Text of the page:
RER’s ambitions to break into the waste collection market heat up the spirits in the rather quiet local organization of the Liberal Democrat Party in Galati. Its octopus-like commercial web once included Mihai Turcu, the incumbent head of the Environment Police (a controlling unit of the Ministry of Environment) in the city.

Turcu, a histrionic kind of personality, is such an explosive man that the few square meters of his office are barely enough to contain his overrated ego. Information from the Trade Bureau shows that a company controlled by Turcu – Diplomat International – owns a small part of RER’s shares. The commissary is visibly disturbed that, because of some backstage games, he had been forced to minority in the company.

Actually, what Turcu is forgetting when trying to make a point on the issue is that in 2000, in an attempt to seize a larger piece of the “cake” and expand to the neighboring city of Braila, he set up a waste business with the help of some venous Italian businessmen suspected of tight connections to the Mafia. The plan included two companies: Brai-Cata, which now controls a third of the waste collection market in Braila, and Gal-Cat, which never stood a chance on the Galati market. Nevertheless, Turcu has not lost hope. “One day the market economy will have its saying and Galati will see some two-three companies on this niche”, he said confidently, waving his hands in the air in large threatening gestures like getting ready to confront a shadow enemy.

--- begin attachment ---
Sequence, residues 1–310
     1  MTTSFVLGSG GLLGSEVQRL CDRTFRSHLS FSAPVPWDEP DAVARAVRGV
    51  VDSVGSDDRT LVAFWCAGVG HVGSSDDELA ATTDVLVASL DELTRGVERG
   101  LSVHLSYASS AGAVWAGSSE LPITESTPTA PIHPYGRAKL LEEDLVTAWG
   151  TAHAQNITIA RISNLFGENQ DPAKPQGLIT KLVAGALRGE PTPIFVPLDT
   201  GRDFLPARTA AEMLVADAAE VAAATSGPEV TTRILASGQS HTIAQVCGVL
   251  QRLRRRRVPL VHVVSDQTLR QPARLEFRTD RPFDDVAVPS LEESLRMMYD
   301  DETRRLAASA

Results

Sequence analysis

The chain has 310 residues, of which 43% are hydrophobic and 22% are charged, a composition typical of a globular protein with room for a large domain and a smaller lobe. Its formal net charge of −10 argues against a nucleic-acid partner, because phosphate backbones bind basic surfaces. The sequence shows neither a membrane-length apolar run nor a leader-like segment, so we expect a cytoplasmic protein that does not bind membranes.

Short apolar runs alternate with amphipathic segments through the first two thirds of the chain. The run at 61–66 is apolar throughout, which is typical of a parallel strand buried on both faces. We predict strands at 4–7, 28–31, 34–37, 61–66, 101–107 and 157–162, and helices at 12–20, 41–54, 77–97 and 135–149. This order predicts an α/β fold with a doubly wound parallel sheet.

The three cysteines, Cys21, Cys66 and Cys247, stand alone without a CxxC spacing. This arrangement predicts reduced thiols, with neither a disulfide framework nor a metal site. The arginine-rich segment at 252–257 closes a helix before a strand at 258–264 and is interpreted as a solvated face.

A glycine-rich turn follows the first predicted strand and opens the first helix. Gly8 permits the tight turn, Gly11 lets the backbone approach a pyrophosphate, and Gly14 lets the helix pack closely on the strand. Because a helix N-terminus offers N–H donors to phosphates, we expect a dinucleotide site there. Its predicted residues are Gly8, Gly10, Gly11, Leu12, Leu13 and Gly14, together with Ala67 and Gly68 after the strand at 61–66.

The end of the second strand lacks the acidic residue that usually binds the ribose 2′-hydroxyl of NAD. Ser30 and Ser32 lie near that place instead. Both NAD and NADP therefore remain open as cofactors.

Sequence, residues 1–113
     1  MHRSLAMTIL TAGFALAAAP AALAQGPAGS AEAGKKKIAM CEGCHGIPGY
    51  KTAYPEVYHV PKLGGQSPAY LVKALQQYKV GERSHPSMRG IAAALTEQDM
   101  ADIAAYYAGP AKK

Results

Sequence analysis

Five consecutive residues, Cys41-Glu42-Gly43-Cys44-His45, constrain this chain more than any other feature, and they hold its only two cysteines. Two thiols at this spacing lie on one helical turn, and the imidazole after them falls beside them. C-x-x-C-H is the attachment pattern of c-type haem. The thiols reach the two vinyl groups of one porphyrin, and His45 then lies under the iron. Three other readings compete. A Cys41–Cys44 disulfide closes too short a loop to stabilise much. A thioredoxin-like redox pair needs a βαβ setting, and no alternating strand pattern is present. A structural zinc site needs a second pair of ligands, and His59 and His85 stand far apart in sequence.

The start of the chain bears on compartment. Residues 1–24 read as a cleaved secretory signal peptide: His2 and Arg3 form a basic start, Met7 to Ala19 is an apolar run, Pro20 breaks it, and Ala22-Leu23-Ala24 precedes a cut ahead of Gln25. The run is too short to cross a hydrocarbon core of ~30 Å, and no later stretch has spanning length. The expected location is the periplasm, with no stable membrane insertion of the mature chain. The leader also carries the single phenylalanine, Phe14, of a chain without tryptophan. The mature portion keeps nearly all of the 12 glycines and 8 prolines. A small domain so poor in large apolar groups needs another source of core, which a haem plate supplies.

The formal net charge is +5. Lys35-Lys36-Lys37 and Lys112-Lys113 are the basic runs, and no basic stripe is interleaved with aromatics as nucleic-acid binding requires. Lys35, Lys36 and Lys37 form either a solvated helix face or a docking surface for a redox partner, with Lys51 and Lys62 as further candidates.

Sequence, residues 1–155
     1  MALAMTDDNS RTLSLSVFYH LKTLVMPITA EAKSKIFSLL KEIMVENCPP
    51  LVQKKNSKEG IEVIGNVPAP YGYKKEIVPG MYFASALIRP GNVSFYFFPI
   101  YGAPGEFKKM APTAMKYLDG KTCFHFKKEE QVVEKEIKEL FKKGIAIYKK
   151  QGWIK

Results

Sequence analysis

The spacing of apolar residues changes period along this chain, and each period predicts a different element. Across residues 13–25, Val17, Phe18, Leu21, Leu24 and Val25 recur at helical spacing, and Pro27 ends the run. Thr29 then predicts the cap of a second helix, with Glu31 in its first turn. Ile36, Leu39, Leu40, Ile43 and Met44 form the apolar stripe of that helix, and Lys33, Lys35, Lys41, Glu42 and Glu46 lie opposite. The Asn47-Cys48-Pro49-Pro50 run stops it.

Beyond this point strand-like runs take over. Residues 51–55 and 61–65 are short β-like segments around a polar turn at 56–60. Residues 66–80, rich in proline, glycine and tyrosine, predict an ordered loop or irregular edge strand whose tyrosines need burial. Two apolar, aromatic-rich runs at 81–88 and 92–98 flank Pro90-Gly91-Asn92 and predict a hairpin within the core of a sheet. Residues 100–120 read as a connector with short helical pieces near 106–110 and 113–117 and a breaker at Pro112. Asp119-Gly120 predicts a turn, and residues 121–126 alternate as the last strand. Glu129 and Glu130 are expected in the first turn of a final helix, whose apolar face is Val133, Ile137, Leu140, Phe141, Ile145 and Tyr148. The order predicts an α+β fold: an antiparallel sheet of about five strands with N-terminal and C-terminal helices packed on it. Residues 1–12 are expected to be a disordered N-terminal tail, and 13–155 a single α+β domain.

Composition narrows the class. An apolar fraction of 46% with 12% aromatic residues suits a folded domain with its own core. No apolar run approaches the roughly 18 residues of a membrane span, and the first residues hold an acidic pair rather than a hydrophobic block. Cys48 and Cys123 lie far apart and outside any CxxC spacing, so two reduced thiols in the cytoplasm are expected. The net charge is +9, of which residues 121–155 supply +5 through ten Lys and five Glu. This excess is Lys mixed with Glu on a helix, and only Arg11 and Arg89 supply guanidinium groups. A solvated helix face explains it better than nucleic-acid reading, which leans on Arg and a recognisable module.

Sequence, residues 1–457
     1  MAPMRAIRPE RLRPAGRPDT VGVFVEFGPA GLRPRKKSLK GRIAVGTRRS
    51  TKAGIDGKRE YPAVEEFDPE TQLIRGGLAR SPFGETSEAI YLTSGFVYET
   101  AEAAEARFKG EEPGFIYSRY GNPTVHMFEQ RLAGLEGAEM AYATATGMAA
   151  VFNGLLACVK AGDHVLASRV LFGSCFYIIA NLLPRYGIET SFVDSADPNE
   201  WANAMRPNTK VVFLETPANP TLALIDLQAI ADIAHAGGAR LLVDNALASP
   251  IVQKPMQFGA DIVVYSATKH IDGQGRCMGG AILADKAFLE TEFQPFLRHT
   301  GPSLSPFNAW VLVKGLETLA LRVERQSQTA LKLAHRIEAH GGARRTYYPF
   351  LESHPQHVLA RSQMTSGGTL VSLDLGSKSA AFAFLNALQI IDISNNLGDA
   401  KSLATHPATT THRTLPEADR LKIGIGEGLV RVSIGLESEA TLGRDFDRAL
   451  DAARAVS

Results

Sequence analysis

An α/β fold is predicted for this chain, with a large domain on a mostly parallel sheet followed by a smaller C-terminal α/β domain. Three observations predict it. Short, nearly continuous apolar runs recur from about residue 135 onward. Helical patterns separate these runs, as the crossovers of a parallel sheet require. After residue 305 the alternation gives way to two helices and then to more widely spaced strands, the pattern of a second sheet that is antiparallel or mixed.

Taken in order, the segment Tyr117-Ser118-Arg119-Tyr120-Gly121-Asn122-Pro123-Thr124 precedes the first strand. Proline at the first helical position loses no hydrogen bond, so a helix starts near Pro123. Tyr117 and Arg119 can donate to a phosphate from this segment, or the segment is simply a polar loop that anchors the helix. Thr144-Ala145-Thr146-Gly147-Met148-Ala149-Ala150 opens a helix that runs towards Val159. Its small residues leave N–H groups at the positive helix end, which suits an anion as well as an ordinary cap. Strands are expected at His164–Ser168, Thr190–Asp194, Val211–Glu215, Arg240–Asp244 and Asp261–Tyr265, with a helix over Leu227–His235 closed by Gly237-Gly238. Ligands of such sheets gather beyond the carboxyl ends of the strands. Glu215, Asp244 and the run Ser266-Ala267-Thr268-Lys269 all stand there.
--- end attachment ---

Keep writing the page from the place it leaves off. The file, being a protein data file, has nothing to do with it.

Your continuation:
He stresses his argument by underlining the importance of competition on the Galati market. “There had been another firm on the market, but it was forced away because the landfill manager would not accept waste collected outside the city. It had a few contracts with some villages and mayor Dumitru Nicolae refused them the right to dump waste at the landfill. What does this mean? This is monopoly, with the help of the mayor’s office, that of the local council and of the prefect’s office”, Turcu says. He refrains from naming the company, and with good reason. The “other” firm is Urban, stakeholder at Brai-Cata after Turcu’s Italian partners withdrew in July 2008.

One thing is certain: Turcu, the Environment Police head, is much more interested in the “fair” division of the waste collection market in Galati than in the lack of selective collection in the city. Or in the fires that spark up, from time to time, at the old landfill – now undergoing closing procedures. And the dump could provide even more nasty surprises, like this: 800,000 euro were doled out at the beginning of the year and channeled to Mesogeos’ account to prod the company to finish what it should have done under the provisions of the ISPA financing memorandum. A mind-blowing technical explanation was provided: “by the time construction works started we noticed that the geometry of the old deposit (surface and height) did not match the one mentioned in the project”.

  • This article was developed with the support of the Soros Foundation in Romania, as part of the program Investigative Journalism. The content of this article does not represent the foundation’s official stance.